This week marks 10 years since I pivoted from the career that I thought would define my life into one that had never even appealed to me.
Ten years of projects, deadlines and life-or-death-assignments. Ten years of overwhelming stress -- and incomprehensible rewards.
This is my anniversary of parenting.
My oldest child turned 10 this week. Double digits. He's a decade old. And that means that as of this week I've been a mother for 10 years.
My son's birthday is his day, no doubt. I spent all day making sure he felt special.
He woke up to a "Happy Birthday" banner hanging in the kitchen and a chocolate chip pancake and bacon breakfast before school. I took him Taco Bell takeout and cupcakes for his class at lunchtime. We went to a video game arcade and had a pizza dinner, and then he got to go fishing for alligators -- and even caught a few.
All of this after we'd already had a birthday party at the zoo. And, of course, there were gifts. Lots of gifts. I admit it, I overspent on guilt gifts to try and make up for the parent who is deployed.
His birthday is the one day of the year when he gets to feel super-duper special, and I wouldn't dare try to take that from him and make it about me.
But I admit that I had to fight the urge all that day to announce to everyone I saw person and to all my contacts online, "YOU GUYS, I'VE BEEN A MOM FOR 10 YEARS!"
You know how long that is?
When I was in the hospital at Fort Bragg giving birth, the Abu Ghraib torture scandal was the biggest thing in the news and, as luck would have it, Lynddie England -- the notorious soldier who posed in the Abu Ghraib photos -- was in the room next to mine with her conceived-at-Abu-Ghraib baby. I had to fight every journalistic urge to try and score an interview.
When I brought my little boy home from the hospital, I did it wearing a maroon knit poncho -- because Martha Stewart had just gotten out of prison and had done so wearing a surprisingly chic poncho.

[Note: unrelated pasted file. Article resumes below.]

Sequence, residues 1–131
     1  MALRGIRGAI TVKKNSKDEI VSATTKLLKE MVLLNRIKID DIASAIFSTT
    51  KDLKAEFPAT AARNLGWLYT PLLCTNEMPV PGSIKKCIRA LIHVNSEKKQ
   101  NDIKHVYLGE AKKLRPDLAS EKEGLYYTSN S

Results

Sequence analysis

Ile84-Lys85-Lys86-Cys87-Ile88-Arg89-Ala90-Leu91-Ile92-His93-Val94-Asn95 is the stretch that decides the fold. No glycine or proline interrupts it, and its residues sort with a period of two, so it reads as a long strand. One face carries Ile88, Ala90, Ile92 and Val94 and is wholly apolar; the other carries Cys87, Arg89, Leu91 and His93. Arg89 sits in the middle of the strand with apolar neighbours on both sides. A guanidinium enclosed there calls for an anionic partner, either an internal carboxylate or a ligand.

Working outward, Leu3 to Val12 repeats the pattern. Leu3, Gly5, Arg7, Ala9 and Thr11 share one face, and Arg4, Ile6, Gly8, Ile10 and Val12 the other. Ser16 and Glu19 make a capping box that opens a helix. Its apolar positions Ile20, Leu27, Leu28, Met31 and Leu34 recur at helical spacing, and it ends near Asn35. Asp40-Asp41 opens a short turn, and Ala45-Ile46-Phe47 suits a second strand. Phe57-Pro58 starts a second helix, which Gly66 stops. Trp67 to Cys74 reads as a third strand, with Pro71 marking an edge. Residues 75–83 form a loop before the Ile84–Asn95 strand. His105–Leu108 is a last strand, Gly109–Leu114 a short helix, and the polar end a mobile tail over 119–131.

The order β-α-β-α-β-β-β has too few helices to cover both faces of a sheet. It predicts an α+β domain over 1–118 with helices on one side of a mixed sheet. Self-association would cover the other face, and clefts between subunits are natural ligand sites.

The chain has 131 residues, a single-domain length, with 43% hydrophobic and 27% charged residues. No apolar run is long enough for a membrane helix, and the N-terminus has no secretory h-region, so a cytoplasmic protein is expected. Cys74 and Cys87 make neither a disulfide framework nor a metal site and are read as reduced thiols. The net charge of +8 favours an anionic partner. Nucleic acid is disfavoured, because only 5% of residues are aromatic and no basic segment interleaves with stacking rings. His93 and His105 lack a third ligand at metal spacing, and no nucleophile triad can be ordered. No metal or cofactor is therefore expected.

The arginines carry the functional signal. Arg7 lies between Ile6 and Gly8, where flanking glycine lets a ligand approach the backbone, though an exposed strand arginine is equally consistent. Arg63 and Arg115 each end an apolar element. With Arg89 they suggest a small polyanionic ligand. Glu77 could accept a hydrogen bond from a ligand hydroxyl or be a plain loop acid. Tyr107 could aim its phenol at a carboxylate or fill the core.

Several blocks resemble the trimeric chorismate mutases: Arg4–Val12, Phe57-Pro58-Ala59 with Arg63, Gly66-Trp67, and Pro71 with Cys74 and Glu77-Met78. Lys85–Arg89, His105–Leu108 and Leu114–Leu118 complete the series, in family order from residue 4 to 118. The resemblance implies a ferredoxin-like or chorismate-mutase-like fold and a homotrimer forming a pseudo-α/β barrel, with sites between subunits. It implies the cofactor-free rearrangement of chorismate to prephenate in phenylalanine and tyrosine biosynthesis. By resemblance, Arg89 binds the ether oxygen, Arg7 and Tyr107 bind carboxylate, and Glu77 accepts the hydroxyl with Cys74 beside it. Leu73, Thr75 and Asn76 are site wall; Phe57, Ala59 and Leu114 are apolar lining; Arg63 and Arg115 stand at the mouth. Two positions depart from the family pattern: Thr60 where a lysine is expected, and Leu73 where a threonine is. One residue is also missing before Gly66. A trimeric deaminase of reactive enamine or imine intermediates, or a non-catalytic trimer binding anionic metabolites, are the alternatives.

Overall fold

Osama Bin Ladin and Saddam Hussein were still alive. John Kerry was running for president. The tsunami hadn't yet hit southeast Asia and New Orleans residents still thought of "Katrina" as just another female name. Destiny's Child were still together. Britney Spears was in love with K Fed.
The economy was strong. There weren't even hints of the recession to come, just as I didn't have a clue what life would hold for me.
Truthfully, there are many days when I wonder what my life would be like now if I'd just stayed the course with my old job. I'd make more money, no doubt. Have MUCH better hours and benefits, a 401(k) and far more vacation time. And I wouldn't have these stretch marks or this paunchy belly.
But I also wouldn't have this macaroni necklace.
Or a habit of checking every bathroom before guests arrive just to make sure one of my subordinates didn't forget to flush.
And I certainly wouldn't have a funny, sweet, smart son who jumps up and down and yells "Best. Birthday. Ever!" And he says it every year.
It seems fitting to celebrate that I've made it through parenting, and mostly solo parenting, for a decade. The kids are alive and intact. They even seem to even be -- dare I jinx it? -- thriving.
I'm not suggesting that our kids' birthdays should be days to celebrate ourselves, but I do think that some time, maybe late at night after they're asleep, we owe ourselves at least a pat on the back and a glass of wine.